In November 2020, despite various lockdown-related difficulties, I’m driving through Poland and I’m amazed. The country is plastered all over with huge posters depicting a heart-shaped womb, with an almost cute fetus squashed inside. In the first phase of this campaign, it was not quite clear what it was all about. Later, pro-life organizations professed to running it – it was supposed to be about the protection of human life, in the context of the abortion debate, of course. As a woman and a citizen of this country, I feel personally insulted – how can anybody claim to protect human life when a woman is being reduced to her uterus, that is then used as a stage to argue about who has the right to decide about that organ? The suffering of women, the humiliations do not play a role in this publicly led discussion. I wonder where the money comes from for all the advertising. On the radio, an ad for a Viagra-like drug against erection problems is being aired. I used to feel closer to the people here, I used to be able to understand their feelings and behavior much better.
After a few months, the heart-shaped uterus is accompanied on the posters by a message: it says kochaj mnie (love me). These new posters then become the surface for responses and protests. Photos of one of the many interventions by the civil society circulate on social networks: the uterus on the left, with “Love me, I’m LGBT” on the right. Also common is the slogan “I wish I could abort my government,” which more and more women (and men) are putting over their profile picture on social networks.
Symbols and language
Since the “declaration of war” by women, symbols and language have played an incredibly important role in the public discourse. The language of protesting women is vulgar and uncompromising. The main slogan became “Wypierdalać!”, meaning “fuck off!” Red flashes and light bulbs, along with black umbrellas and coat hangers, become visual symbols of the movement. The battle of symbols is also played out on the facades of Warsaw apartment buildings: on balconies and in windows you can see them, rainbow flags and red lightning bolts right next to the white and red state flags that became the symbol of the conservative government and its supporters. It seems that the need to participate in this power struggle is huge.
There were also protests – or rather walks – in many Polish cities on March 8, 2021, International Women’s Day. At this time, there were around 12,000 new Covid cases per day in Poland and several hundred deaths. Nevertheless, many people risked it and took to the streets to fight for freedom of choice. Polls show that the events of the last few months have led to a great change in societal mood and public opinion. There is no way to “compromise.” Polish women now demand full access to legal abortion up to the 12th week of pregnancy. This position is supported by 66% of Polish citizens.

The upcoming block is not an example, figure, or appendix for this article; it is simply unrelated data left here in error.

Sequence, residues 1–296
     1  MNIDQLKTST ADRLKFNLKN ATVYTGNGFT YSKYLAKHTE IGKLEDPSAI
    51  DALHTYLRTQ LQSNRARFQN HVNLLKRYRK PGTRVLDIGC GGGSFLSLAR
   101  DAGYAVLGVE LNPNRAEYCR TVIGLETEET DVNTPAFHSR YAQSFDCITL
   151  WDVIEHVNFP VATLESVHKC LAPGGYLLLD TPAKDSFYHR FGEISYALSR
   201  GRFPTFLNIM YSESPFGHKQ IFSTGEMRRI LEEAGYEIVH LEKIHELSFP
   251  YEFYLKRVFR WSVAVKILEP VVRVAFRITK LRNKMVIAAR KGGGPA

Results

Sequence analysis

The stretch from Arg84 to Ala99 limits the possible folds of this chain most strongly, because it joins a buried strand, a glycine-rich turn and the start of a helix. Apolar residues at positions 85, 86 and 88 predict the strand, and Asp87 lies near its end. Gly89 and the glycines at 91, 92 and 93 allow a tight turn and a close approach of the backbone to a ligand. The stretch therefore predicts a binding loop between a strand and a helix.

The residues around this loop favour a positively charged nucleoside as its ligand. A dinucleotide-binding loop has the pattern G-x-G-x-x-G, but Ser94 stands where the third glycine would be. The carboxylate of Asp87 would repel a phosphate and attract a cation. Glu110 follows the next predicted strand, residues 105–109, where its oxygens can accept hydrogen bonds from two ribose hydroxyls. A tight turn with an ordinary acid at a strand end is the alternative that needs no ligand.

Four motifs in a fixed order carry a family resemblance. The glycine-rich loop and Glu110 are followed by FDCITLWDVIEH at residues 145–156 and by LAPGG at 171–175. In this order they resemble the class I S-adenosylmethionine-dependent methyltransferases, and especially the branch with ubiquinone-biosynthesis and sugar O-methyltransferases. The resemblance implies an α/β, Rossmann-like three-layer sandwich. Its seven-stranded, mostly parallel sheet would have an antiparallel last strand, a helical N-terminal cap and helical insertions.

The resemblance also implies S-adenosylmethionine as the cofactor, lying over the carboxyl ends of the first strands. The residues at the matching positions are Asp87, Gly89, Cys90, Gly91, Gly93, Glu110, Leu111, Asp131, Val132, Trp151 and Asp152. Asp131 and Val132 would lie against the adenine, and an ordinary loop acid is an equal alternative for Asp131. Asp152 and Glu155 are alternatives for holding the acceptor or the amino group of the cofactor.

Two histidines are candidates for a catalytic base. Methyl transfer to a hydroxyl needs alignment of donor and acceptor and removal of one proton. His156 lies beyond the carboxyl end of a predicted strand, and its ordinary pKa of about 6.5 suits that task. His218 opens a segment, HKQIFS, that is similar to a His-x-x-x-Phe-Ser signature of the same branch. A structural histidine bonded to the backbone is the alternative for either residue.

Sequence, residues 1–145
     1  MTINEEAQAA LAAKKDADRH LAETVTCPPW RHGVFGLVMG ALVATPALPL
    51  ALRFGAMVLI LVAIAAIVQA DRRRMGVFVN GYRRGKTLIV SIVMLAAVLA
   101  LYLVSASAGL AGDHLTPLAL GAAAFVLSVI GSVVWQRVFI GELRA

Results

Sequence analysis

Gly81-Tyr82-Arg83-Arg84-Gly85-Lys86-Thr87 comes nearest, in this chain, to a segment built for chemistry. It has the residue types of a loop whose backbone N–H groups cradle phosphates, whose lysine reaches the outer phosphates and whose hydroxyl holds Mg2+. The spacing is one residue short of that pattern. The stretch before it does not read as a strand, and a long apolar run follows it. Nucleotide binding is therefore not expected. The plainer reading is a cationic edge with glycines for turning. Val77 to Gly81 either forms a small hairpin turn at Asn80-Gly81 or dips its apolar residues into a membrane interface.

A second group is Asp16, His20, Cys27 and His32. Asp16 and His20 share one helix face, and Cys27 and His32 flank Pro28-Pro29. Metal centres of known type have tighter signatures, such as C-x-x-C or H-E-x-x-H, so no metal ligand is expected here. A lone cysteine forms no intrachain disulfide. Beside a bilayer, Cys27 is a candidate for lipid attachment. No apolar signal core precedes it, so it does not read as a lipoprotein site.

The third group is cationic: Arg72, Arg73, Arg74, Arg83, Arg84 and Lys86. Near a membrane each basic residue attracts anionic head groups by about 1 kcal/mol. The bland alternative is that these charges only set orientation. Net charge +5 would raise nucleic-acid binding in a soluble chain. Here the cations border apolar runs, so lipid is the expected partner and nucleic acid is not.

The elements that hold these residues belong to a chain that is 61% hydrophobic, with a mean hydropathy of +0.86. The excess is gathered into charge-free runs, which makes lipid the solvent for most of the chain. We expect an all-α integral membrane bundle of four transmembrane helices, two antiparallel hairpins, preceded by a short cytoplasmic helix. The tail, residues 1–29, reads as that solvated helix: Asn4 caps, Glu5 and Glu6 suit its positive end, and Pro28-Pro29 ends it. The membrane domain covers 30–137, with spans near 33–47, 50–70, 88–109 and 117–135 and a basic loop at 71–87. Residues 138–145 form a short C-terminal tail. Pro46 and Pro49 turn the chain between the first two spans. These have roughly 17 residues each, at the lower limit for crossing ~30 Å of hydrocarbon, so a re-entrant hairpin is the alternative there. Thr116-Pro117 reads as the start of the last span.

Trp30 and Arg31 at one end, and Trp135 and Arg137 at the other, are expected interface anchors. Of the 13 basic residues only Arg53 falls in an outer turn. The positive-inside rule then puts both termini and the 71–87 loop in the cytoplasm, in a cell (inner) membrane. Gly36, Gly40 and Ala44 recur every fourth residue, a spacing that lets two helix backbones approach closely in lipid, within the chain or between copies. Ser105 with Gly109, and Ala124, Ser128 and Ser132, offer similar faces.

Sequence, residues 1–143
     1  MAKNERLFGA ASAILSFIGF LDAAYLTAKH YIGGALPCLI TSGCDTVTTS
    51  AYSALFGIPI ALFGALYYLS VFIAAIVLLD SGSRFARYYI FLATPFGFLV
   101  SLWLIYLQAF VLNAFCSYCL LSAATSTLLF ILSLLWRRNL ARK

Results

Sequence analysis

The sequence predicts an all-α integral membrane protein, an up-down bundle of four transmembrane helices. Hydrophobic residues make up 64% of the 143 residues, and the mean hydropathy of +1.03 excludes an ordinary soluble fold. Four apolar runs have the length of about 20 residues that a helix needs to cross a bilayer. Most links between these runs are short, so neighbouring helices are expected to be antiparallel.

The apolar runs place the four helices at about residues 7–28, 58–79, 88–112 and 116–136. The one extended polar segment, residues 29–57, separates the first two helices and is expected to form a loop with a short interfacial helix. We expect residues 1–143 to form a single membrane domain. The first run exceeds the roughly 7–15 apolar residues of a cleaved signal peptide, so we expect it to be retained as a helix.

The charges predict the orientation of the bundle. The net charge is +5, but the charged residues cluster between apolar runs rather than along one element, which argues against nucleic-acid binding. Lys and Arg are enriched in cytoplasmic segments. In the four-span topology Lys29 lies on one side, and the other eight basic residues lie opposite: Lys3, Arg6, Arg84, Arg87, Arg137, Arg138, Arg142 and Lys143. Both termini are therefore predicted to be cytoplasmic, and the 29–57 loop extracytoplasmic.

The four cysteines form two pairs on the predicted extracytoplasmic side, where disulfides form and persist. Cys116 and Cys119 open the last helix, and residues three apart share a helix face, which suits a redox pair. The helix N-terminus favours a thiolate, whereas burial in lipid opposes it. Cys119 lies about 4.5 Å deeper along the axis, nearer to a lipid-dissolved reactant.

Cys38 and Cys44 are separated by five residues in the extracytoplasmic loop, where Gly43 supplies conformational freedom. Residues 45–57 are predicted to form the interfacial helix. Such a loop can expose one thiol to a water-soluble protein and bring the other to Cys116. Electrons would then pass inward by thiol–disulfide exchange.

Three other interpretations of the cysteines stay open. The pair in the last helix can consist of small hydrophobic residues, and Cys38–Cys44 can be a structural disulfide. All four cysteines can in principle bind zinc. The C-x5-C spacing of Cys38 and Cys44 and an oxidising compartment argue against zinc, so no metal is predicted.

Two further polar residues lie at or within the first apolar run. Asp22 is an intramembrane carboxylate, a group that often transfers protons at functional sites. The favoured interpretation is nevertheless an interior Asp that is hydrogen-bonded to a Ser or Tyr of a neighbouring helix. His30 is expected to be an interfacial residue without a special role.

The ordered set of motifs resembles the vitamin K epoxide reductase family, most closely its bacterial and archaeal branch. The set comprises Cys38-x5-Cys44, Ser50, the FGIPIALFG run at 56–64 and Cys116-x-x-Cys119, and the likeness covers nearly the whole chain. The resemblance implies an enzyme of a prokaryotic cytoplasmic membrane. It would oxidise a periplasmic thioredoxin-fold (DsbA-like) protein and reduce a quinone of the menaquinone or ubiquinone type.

As I walk to the subway in Warsaw early in May 2021, I am brutally exposed to a pro-life campaign right in front of the Centrum station, just like everyone else here at rush hour. In front of a yellow tent are two large loudspeakers from which a tireless voice booms, “Help end the killing of unborn children. Sign today.”
So the “war” continues. Then, on the subway, I read in Gazeta Wyborcza that German-Polish relations are currently more tense than they have been in a long time, which has to do, among other things, with Germany’s concerns about human rights in Poland in connection with the “LGBT-free zones.” Angela Merkel is unlikely to come to Warsaw for the celebrations marking the 30th anniversary of the signing of the Treaty of Good Neighbourship between the two countries. On June 17, Germany is to be represented by its President Frank-Walter Steinmeier.
This text is a contribution to the Berliner Gazette’s BLACK BOX EAST text series; its German translation is available on Berliner Gazette. You can find more texts, artworks, and conference information on the English-language BLACK BOX EAST website. Have a look here: https://blackboxeast.berlinergazette.de
Karolina Golimowska studied English and American Studies, Modern German Literature and Media Studies in Berlin and London. She holds a PhD in American Studies and wrote her dissertation on post-9/11 city novels (published by McFarland in 2016). She worked as a visiting professor at the University of Richmond, Virginia, and was a visiting scholar at NYU in New York City. She is a translator and conference interpreter as well as author of short prose and journalistic pieces, and teaches at the Free University in Berlin. In 2014 she was awarded the German-Polish Tadeusz Mazowiecki Journalism Award.